As a daily user of Skype for Business and someone who specializes in it, I often see other users struggle with some relatively common usage scenario’s in the client. This blog entry describes 5 productivity tips that will increase the productivity of Skype for Business users in specific situations.
1) Easily Start a Group Conversation from an Outlook Meeting
I frequently see the need for this and it is a real productivity booster. Many times users are participating in a meeting from their Outlook calendar which does not have a corresponding Skype for Business (SfB) meeting or conference. Typically these meetings have a mix of internal and external participants with an external audio bridge, or other non-SfB conferencing solution.
Inevitably the needs arises during the meeting to collaborate – a group IM chat, a desktop share, or sharing a PowerPoint presentation.
A very effective way to instantly start collaborating with all meeting participants in Skype for Business is to:
- Open the Outlook Meeting
- Go to the Meeting tab
- If you are the meeting Organizer –select the Contact Attendees option (click on the icon), and select Reply All with an IM
- If you are a meeting Participant – select the Respond option (click on the icon), and select Reply All with an IM
This seldom used option instantly starts a Skype for Business group conversation with all Outlook meeting participants. All the people on the call can now chat, add audio, share their Desktop, or share a PowerPoint presentation. If an external participant (outside of the company hosting the SfB conference) does not have Skype for Business, you might have to send them the URL for the meeting and they can join via a web browser.
The screen shots which illustrate this capability are here:
If you are a Meeting Organizer
If you are a Meeting Participant
2) Transfer a Call from a Mobile Client to your Desktop
Many times users want to know how to keep a call going when they are participating in a Skype for Business session on their mobile client (i.e. using the SfB client on an Windows Mobile / iPhone / Android device) after they have reached their desk.
In these scenarios the call can be transferred from the SfB Mobile client to the SfB Desktop client by doing the following:
- While in a call on the SfB mobile client, select the “…” circle icon to bring up additional options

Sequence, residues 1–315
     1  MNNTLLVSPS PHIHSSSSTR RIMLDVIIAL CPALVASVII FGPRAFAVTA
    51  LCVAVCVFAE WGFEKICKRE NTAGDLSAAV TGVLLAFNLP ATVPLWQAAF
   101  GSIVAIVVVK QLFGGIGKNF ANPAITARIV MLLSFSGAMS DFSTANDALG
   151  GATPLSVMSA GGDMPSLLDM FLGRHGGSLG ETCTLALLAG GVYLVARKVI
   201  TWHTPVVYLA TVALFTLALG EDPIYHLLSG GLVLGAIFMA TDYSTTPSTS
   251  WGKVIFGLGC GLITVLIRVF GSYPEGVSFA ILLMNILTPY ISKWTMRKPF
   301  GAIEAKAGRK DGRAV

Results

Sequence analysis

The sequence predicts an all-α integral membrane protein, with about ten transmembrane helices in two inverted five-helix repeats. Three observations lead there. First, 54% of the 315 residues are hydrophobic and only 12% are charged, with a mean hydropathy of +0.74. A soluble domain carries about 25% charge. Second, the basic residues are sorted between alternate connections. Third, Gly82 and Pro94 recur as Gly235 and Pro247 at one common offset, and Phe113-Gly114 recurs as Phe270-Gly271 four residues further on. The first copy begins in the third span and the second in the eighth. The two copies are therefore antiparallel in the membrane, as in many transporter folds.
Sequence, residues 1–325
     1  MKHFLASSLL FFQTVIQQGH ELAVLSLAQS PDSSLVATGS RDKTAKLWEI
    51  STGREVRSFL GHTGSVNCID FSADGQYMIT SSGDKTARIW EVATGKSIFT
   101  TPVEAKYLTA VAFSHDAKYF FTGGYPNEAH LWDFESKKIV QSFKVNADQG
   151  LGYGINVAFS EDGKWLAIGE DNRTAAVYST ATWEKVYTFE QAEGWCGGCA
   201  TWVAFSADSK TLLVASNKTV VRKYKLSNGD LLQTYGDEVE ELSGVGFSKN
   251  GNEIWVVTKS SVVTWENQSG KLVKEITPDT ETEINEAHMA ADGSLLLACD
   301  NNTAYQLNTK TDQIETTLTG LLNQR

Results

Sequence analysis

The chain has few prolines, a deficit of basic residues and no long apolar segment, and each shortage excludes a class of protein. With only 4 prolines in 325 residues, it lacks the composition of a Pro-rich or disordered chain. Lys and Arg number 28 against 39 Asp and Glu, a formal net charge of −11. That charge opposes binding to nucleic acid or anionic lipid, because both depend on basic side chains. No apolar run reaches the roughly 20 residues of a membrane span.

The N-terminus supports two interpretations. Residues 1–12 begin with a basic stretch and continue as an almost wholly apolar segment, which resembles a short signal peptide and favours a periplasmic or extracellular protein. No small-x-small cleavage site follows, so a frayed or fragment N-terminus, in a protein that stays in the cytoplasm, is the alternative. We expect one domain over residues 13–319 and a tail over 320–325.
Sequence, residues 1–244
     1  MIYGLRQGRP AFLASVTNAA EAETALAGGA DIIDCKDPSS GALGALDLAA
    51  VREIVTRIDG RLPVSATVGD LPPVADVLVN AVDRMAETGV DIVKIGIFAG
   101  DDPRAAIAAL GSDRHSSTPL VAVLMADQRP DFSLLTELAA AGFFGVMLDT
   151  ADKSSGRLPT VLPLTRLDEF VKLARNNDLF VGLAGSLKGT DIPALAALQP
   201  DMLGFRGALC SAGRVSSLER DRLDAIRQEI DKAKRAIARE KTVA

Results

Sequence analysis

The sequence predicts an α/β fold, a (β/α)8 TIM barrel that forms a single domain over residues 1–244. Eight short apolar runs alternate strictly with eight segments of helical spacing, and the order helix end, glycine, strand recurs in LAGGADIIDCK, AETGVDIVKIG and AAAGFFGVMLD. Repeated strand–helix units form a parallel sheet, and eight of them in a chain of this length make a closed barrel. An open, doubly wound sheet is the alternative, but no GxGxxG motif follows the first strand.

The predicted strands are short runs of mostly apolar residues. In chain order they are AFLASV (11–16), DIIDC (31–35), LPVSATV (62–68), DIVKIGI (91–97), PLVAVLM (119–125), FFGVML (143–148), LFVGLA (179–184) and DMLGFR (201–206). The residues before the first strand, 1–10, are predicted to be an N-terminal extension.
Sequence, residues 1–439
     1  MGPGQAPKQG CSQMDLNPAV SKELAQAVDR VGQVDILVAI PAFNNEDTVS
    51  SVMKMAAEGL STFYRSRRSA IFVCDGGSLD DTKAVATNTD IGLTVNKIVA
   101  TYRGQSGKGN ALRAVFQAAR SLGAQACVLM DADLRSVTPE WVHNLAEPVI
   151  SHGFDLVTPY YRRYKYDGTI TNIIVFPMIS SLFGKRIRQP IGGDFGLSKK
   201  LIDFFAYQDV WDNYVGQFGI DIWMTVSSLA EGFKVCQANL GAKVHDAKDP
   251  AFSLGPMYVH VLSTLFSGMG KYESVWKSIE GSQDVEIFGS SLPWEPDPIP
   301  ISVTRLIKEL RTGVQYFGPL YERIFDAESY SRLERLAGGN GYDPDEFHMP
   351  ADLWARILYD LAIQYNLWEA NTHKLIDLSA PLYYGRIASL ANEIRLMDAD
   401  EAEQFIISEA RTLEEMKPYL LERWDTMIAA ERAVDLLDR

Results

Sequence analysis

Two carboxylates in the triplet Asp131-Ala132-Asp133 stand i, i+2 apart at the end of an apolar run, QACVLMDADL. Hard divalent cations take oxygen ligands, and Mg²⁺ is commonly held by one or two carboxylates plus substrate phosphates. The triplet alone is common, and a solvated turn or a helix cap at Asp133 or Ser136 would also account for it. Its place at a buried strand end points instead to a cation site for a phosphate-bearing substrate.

- Select yourself in the SfB client mobile address book
- Select “Transfer Call” and then “Skype for Business call”
- The call should now ring the SfB Desktop client where it can be answered and the mobile session can be disconnected
An example of the call transfer process is shown here:
3) Change Devices During a Call
Having multiple audio and video devices is becoming the norm for most users. Many times users will join into a SfB web conference with audio and video, and the client is using an different audio device then the one they want (e.g. a speakerphone instead of a USB headset).
Most users know of the “Select your Primary Device” shortcut setting in the bottom left-hand corner of the SfB client, but users often forget that this device selection feature can be used mid-call. So if you join a SfB session with a device you do not want to use, it can be changed on the fly. The client device shortcut is shown here:
Note: when an incoming call is ringing the SfB client, the device cannot be changed; it must first be answered.
During a SfB voice call, the dial-pad contains an obvious Devices icon which allows users to easily switch devices as shown here:
4) Use Shortcut Keys for Common Tasks
Like most Microsoft client software solutions, the Skype for Business (SfB) client has several well document keyboard shortcuts. One of the best references is available here:
Keyboard shortcuts for Skype for Business
Keyboard shortcuts are most useful for frequently used actions, or features that require multiple clicks. Here is a list of my useful favourites that not many users know of:
5) Use the Address Book instead of the Contact List
This is possibly the simplest tip, but one that alludes even experienced users of the Lync & SfB clients.
Users, including myself, get into a habit of adding people that you communicate with even when these are contacts not commonly used.
Few users are disciplined enough to categorize their contacts into Skype for Business Groups that meet their work habits, so the contact list ends up diluted with a lot of contacts – many of which are rarely used. This is a typically a productivity drain because whether users realize it or not, they spend extra time sifting through their huge contact list trying to locate the people they communicate with most frequently.
A simple way to solve this is to make ample use of the built-in SfB Address Book, and save the Contact List only for contacts that you frequently communicate with (or need to know the Presence Status of).
This takes some getting used to – but after doing it for awhile the benefits of simply typing a name into the Address Book search bar will make you more productive.